Pirelli sticks to premium market as Europe struggles
Europe remains difficult terrain, according to the head of Pirelli, who said the company is focussed on the premium sector ahead of the tire manufacturer finalizing supply agreements with all eleven Formula One teams for 2014.
Despite many commentators touting a European economic recovery in recent months as data beat expectations, the Italian company's chairman Marco Tronchetti Provera argued that the region is not out of the woods just yet.
"In Europe we see small signs of recovery," he told CNBC, adding, "The premium segment has been preforming well even in these uneasy years and Europe remains a region with a lower level of growth."
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He continued: "I think that we are not going to face a major improvement. There will be some improvement - I think and hope we've touched the bottom and some recovery will come."
Pirelli plans to expand into countries like Russia, Argentina and Indonesia in an effort to become a global premium brand by 2015. The company expects that between 2011 and 2015 the premium car market will grow by 4.7 percent annually, compared to 3.6 percent growth in the non-premium sector.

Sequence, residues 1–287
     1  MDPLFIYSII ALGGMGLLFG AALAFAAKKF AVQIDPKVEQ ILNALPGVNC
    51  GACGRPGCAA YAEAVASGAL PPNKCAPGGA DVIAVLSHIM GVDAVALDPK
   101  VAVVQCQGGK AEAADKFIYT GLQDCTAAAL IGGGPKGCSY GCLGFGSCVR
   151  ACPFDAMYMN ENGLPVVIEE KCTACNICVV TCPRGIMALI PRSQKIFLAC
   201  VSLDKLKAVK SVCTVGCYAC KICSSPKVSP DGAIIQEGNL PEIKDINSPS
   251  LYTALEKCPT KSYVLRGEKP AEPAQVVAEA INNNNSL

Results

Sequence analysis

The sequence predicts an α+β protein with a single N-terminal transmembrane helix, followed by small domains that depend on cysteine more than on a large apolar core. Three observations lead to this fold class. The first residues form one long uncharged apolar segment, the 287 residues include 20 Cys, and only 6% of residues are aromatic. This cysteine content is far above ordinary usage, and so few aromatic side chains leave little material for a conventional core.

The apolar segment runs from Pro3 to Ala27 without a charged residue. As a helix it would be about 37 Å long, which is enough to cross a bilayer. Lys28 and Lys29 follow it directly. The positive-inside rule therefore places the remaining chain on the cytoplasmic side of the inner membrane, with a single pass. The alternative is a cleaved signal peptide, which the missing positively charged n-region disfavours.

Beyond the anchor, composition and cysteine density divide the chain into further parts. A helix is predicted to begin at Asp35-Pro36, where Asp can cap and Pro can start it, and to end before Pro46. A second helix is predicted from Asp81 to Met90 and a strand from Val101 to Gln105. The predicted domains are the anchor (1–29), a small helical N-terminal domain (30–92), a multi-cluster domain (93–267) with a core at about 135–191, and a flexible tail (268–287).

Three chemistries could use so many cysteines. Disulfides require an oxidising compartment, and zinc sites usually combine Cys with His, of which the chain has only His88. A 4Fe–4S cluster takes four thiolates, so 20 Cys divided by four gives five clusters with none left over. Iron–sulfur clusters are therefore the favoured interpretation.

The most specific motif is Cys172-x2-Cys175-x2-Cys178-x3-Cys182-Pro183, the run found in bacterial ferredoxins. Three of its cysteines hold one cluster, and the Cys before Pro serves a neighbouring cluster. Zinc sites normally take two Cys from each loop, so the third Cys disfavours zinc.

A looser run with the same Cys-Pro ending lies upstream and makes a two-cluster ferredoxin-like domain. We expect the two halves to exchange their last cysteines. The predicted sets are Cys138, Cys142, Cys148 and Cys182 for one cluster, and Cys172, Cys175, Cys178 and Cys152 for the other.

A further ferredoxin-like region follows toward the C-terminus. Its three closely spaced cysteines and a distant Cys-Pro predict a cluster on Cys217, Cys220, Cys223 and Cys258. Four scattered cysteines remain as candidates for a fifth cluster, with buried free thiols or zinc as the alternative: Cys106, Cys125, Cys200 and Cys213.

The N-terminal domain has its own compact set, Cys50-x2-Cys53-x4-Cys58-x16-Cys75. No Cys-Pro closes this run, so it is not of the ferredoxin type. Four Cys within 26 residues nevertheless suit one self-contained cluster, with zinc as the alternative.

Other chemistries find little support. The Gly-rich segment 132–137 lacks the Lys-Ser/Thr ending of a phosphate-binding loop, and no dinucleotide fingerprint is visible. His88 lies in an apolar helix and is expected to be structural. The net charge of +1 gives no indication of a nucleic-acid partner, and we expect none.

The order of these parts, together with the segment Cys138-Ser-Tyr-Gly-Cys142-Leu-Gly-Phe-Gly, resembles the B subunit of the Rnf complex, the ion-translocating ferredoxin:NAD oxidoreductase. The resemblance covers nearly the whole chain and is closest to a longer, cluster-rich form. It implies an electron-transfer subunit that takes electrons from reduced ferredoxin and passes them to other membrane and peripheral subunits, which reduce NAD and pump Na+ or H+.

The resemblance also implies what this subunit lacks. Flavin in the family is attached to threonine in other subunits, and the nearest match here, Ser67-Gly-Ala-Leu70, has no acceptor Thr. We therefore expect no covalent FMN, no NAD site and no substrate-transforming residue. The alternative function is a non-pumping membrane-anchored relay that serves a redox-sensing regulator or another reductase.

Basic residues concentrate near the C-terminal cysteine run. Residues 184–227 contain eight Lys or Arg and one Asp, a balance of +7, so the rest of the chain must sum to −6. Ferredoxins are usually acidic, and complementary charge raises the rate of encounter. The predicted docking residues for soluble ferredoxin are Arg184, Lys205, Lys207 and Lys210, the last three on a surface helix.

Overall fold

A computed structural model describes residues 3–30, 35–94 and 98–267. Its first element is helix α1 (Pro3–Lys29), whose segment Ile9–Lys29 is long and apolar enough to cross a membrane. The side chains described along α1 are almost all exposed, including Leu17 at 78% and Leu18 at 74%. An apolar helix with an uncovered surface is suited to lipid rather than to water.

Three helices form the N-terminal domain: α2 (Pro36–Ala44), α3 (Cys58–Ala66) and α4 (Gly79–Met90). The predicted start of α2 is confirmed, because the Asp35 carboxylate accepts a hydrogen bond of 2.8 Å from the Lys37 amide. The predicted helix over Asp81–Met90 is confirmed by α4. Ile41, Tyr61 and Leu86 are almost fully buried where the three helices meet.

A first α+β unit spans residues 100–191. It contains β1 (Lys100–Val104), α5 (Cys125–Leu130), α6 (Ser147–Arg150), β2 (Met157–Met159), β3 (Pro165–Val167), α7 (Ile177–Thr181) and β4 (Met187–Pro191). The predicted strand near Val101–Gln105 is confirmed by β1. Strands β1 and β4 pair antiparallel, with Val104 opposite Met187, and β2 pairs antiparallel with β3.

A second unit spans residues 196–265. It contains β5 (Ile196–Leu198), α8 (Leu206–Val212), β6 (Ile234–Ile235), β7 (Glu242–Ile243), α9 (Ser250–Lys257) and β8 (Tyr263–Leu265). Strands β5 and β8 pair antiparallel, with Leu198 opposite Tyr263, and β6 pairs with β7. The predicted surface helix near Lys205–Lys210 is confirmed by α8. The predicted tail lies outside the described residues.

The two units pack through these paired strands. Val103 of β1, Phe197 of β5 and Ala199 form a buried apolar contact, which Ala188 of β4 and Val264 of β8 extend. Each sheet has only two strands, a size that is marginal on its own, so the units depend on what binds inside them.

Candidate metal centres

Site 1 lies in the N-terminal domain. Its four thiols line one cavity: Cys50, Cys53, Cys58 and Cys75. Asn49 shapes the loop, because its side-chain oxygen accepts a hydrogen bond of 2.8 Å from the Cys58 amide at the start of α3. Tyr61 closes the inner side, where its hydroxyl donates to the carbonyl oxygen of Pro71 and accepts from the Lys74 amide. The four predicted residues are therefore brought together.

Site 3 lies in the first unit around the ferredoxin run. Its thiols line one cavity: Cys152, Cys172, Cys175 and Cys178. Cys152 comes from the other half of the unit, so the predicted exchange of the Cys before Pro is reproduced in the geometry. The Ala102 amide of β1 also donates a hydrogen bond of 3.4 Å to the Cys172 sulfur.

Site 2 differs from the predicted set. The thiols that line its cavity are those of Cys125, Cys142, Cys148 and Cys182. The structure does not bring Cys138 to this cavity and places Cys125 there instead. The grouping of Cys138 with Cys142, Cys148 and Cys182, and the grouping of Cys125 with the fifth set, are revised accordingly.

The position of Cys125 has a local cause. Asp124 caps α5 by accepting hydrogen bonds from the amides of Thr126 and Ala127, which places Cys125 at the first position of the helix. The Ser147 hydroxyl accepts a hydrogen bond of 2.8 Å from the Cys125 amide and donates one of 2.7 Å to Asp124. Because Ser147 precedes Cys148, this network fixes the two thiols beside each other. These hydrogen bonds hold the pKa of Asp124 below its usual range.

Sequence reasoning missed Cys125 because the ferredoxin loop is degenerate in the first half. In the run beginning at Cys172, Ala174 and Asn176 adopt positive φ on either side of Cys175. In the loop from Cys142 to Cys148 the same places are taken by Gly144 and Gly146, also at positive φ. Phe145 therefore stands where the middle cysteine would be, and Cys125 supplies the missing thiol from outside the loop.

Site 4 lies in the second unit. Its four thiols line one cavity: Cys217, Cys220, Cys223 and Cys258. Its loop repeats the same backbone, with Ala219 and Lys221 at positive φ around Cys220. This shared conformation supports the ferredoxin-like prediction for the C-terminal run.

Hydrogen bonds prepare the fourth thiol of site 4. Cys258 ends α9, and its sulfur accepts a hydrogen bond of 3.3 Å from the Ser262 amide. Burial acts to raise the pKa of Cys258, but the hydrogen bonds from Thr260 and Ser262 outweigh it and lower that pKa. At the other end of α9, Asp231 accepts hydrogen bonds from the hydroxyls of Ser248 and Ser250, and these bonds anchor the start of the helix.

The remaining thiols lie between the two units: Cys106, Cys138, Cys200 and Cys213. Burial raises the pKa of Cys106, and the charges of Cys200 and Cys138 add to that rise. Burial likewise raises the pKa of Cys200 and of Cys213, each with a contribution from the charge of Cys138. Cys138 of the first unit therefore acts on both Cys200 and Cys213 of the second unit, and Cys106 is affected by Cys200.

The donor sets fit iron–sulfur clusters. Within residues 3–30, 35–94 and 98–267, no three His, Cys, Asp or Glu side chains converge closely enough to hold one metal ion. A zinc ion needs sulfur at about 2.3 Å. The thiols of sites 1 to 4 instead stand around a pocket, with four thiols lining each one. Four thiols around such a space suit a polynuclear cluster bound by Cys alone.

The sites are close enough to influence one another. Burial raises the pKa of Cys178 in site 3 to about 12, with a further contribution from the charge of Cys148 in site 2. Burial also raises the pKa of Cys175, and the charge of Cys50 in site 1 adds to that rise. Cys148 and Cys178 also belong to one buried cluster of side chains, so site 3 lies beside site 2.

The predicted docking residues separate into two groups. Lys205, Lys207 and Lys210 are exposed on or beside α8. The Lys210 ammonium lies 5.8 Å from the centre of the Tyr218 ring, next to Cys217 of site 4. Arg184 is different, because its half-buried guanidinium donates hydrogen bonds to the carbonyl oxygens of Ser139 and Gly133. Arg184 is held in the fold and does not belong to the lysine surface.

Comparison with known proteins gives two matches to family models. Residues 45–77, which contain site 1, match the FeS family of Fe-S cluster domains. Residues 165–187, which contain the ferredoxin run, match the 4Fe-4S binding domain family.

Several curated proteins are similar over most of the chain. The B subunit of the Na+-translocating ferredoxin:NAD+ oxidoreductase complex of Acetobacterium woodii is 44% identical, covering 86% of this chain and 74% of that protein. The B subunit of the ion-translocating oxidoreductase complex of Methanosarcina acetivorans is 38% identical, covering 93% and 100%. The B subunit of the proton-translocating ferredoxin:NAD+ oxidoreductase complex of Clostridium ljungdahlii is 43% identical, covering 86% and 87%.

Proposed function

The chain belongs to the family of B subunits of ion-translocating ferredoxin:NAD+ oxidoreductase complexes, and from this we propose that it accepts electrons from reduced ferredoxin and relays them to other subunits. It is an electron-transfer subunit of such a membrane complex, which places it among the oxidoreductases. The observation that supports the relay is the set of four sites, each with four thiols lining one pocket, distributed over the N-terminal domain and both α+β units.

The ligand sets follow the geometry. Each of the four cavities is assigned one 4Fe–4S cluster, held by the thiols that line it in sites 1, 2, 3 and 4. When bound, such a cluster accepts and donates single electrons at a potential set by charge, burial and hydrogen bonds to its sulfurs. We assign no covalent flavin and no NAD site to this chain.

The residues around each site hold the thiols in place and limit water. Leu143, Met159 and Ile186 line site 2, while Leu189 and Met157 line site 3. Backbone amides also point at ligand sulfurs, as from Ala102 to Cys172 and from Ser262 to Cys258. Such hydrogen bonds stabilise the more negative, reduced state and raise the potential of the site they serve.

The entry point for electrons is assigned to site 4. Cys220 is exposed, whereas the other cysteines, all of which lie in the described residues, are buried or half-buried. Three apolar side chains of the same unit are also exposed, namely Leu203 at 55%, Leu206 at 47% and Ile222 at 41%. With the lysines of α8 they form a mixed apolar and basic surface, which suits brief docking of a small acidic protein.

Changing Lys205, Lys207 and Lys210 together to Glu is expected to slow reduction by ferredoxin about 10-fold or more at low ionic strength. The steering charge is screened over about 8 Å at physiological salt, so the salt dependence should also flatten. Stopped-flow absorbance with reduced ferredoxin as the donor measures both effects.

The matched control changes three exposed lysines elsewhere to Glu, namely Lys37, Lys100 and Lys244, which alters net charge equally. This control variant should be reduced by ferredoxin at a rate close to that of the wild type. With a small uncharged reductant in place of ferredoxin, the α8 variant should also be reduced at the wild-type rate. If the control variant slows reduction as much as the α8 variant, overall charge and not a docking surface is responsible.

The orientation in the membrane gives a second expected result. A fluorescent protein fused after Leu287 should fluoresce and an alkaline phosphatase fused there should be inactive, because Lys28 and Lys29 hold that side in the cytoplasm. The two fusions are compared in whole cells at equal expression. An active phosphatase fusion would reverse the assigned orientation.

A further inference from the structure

Tronchetti Provera recently met with the head of Russian oil company, Rosneft, to discuss a deal to open up Pirelli stores in the company's Russian filling stations. Tronchetti Provera said of the deal: "It is an important step in Russia. Now we have the two factories that are running better and better, so we have volume so we can supply all the region in a proper manner."
At the weekend, Pirelli's motorsport director Paul Hembery announced that all Formula One teams had signed agreements with the company to continue supplying tyres next year, something also confirmed by Bernie Ecclestone. However, a formal announcement is not due until the end of September from the Formula One governing body.
Tronchetti Provera said the company had proven itself as a leader in motorsport tyres.
"In three years we did an amazing job that's been recognized by the teams, by Bernie Ecclestone," he said. "So we've been able to deliver what the teams wanted. And now we're asking for better regulation and I think that teams, Fiat, FOTA (Formula One Teams' Association), all of them are fine and are willing to work with us."
Tronchetti Provera also discussed the political wrangling in his native country, Italy, where on Monday a special committee of the Italian Senate is expected to decide whether to expel former Prime Minister Silvio Berlusconi following his conviction for tax fraud. Some members of Berlusconi's People of Freedom (PDL) party have threatened to pull out of the coalition government if the former prime minister is expelled.
"I think that the sense of responsibility of the political leader is going to be challenged, and I hope that the leaders will act in a manner to guarantee to the country the stability we need," Tronchetti Provera said,
He added that Italy faces a huge challenge to improve its economy after the longest post-war recession in continental Europe. "I don't think we can accelerate the growth if we do not recreate confidence and to recreate confidence we need projects," he said, adding, "We need to speed up the modernization of the country."